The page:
Wednesday, November 20, 2019

A Personal Trainer's Exercise guide to prepare for Everest Base Camp


Forget what you think you know about fitness

I've been in the fitness industry for well over a decade now and have a tonne of courses and certificates coming out of my ears, with regards to movement, nutrition and mindset.  But my recent adventure to Everest Base Camp (EBC), taught me something completely new and completely unique about fitness, (as I was getting overtaken by 60+ year old sherpas, carrying upto 150kg loads on their heads, 5000m above sea level).

5 of the best exercises for trekking to EBC

I have to be honest, my exercise prescription before I went to EBC, was very different to what I'd recommend now.   The standard step up and squats would be thrown in the mix and yes of course, as well as the traditional Long Slow Duration (LSD) cardio exercises too.  But actually, there's probably a much broader range of exercises that need to used for more functional reasons, and here are my top five I'd recommend...

 1.   The TRX squat:  On the trek, the need to get arse-to-the-grass low is essential for one reason, to poo!  When you get caught short, believe me, you would rather go in woods, bare cheeked to the world, over using some of the local public toilets.  If you don't work on any of the other exercises, please work on these and thank me later.


2.   Internal/external rotated step downs: The team really struggled with the descents and the impact from walking down hill and stepping down giant rocky-uneven steps.  So these will better prepare the joints for different loads at different angles and at different speeds.

3.   Multi-planar Bosu lunges: The terrain is so un even and temperamental, that the ankle and knee is constantly being challenged in different directions and the body constantly needs to correct itself to avoid injury. The BOSU is a great way to simulate those uneven surfaces.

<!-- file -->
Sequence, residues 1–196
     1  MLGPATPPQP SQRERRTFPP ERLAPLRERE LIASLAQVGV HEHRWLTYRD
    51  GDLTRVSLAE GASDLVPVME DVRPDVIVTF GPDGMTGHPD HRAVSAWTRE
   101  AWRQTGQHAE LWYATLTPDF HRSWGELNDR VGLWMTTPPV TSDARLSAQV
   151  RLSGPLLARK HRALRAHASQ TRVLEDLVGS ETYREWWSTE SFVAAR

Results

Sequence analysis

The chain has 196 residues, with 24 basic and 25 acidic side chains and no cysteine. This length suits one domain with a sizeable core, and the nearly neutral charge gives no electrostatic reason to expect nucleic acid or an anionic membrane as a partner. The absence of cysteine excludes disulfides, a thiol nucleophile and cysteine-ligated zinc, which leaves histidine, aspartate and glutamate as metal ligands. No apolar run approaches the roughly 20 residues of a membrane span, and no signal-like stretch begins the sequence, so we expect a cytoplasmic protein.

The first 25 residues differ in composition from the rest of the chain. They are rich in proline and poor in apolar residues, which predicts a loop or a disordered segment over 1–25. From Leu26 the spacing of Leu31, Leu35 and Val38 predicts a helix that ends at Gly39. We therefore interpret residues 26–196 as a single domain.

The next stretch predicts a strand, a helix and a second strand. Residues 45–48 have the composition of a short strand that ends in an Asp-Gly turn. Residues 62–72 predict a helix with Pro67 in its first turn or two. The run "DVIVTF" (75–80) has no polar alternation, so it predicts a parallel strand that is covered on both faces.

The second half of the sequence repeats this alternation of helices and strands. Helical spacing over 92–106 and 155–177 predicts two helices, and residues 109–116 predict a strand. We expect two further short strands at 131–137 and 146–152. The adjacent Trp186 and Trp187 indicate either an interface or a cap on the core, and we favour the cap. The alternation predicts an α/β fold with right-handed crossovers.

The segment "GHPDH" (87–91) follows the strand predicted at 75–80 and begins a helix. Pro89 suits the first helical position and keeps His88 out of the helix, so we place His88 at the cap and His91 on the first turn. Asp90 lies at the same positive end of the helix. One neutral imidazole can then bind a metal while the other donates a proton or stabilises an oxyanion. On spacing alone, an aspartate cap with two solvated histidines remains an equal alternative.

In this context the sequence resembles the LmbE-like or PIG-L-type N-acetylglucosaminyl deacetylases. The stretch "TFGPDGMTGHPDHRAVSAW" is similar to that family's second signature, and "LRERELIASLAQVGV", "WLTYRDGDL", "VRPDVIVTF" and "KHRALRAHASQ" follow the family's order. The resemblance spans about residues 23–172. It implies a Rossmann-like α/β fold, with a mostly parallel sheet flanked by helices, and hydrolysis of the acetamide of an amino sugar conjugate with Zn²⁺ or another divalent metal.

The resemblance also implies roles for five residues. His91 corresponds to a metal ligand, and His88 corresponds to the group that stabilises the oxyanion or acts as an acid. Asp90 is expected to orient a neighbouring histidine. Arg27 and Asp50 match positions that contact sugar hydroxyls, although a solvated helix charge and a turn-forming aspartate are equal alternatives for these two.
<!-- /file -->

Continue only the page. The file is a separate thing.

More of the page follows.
4.   Stepper with back pack:  Specifically smaller steps.  The reason being, you can't take long strides on the trek, because you'll burn out too quickly.  The short steps will get you used to just putting one foot in from to the other.  The other thing about taking smaller steps on the stepper, where you're being forced into a shorter stride, your less likely to strain the achillies (from putting much range of motion through them) and make better use of the glutes.  The back pack will also get your body used to carrying what you will be on the long days.  Just load up the back pack progressively.

5.   Single leg clock reaches:  The downhill will drain you the most for sure.  The ankle, knee and hip need to communicate, or else risk injury, especially under load.  Working on the single leg stuff, will get a better connection between the joints and also fire up the glutes more, which will reduce too much adduction (knee buckling inwards) and repetitive punishment. 

The best nutrition in preparation for EBC

As always a well balanced eating routine is going to be best for you, there is no special 'diet' that's going to get you to the top, for multiple reasons, you just need to make sure you keeping eating.  When you start getting higher, your appetite will decrease and that's when you actually need to eat more.  Aim to eat at least*: 
  • 1-2 fist sizes of veggies, for phyto-nutrients and fibre.  
  • Approx 1 - 2 full cupped handfuls of carbohydrates of any kind (unless they don't agree with you), but do not cut them out.
  • 1-2 palm sizes of protein (animal based, though not exclusively) to build and repair muscle and support the immune system.  
  • 1-2 thumb sizes of fat per meal, from naturally and the best quality sources you can afford.  This also includes saturated fat (butter, ghee, coconut oil, olive oil, avocados, fish, nuts and seeds).
* These are base measurements, relative to individuals hand size.